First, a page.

Sunday, September 21, 2008

Blame Whitey

Previous research suggests that narrow identification with one’s own racial group impedes coalition building among minorities. Consistent with this research, the 2008 Democratic primary was marked by racial differences in voting preferences: Black voters overwhelmingly preferred Barack Obama, a Black candidate, and Latinos and Asians largely favored Hillary Clinton, a White candidate. We investigated one approach to overcoming this divide – highlighting one’s negational identity.

...we propose a different approach for dealing with narrow racial identification in a sociopolitical context. Recent research suggests that affirmational identity – who or what we are – may not be the only source of identification. Groups to which we do not belong to may be equally informative to our sense of self, with individuals being able to identify negationally by focusing on what they are not. Thus, an individual could focus on being Black, an affirmational identity, or on not being White, a negational identity.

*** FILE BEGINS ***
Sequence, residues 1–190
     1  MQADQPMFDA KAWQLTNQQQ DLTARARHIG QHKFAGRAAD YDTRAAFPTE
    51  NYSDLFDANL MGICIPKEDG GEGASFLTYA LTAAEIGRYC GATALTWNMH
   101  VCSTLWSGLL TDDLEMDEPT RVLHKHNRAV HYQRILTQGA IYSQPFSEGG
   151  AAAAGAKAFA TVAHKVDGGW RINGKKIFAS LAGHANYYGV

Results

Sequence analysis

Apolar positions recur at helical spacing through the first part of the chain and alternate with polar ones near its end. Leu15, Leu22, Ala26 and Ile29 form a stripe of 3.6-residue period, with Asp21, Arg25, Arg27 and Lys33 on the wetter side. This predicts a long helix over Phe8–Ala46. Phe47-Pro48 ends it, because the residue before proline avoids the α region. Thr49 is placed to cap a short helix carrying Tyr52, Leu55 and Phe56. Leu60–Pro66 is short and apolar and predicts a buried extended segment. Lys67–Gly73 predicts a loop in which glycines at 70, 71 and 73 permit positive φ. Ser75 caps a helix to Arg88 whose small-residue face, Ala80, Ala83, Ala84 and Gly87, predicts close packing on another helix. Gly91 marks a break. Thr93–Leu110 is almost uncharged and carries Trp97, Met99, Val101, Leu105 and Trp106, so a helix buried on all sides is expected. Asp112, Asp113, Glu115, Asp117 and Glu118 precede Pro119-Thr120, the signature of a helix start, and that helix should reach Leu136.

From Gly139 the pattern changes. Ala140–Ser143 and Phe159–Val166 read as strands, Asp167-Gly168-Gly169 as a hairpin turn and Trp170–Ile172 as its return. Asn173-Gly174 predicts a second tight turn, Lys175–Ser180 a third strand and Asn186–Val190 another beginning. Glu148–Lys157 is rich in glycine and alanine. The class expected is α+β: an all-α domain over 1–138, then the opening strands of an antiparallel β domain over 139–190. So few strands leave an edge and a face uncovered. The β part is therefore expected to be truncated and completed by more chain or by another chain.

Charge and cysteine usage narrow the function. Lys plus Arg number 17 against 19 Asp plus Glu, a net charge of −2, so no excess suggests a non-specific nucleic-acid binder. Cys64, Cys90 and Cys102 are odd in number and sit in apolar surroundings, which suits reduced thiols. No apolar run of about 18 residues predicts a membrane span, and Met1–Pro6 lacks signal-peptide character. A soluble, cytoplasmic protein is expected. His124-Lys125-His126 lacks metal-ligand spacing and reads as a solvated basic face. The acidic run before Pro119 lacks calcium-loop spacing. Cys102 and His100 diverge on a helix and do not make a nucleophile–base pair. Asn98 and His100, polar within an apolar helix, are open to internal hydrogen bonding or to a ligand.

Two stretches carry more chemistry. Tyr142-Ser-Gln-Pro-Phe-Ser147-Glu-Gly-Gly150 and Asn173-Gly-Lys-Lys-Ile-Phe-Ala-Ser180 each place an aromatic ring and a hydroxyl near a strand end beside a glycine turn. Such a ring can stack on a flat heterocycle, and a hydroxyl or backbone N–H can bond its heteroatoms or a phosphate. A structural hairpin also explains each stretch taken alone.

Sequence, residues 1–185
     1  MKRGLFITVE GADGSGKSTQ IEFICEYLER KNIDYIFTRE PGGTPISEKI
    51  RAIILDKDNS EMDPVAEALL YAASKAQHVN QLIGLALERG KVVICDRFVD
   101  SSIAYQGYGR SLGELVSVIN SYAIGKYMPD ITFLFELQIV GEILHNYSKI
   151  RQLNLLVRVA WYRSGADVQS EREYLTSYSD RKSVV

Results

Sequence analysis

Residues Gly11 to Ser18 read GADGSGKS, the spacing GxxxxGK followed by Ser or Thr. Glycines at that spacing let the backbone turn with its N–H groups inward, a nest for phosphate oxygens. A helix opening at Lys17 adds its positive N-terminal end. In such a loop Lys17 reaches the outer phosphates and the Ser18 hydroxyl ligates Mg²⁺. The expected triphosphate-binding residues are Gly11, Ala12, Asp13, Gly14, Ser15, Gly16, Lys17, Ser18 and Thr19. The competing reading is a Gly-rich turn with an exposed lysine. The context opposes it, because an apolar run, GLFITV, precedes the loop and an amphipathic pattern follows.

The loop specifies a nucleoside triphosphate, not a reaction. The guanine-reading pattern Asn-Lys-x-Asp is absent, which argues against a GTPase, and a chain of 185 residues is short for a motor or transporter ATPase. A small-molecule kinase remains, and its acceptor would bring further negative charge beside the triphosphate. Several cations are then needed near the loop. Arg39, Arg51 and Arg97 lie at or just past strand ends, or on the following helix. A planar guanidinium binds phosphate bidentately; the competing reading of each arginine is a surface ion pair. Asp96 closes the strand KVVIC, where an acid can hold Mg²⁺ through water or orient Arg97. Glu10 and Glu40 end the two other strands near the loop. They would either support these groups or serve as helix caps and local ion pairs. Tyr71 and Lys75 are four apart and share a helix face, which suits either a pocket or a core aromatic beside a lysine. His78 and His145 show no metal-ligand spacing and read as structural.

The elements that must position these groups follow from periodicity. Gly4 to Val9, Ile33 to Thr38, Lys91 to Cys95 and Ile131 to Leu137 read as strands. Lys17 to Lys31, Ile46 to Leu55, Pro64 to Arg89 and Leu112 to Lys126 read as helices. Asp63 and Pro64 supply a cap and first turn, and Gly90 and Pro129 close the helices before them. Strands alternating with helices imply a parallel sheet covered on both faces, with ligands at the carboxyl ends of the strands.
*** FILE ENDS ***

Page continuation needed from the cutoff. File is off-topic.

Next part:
Clearly, the authors think it is permissible to encourage people to think of themselves as not white as a means to an end of getting them to vote for the non white candidate. I wonder what these authors would think about encouraging people to think of themselves as not black as a means to an end of getting them to vote for the non black candidate.

Kind of sounds like they are encouraging politicians to embrace racism.

via Jonah Lehrer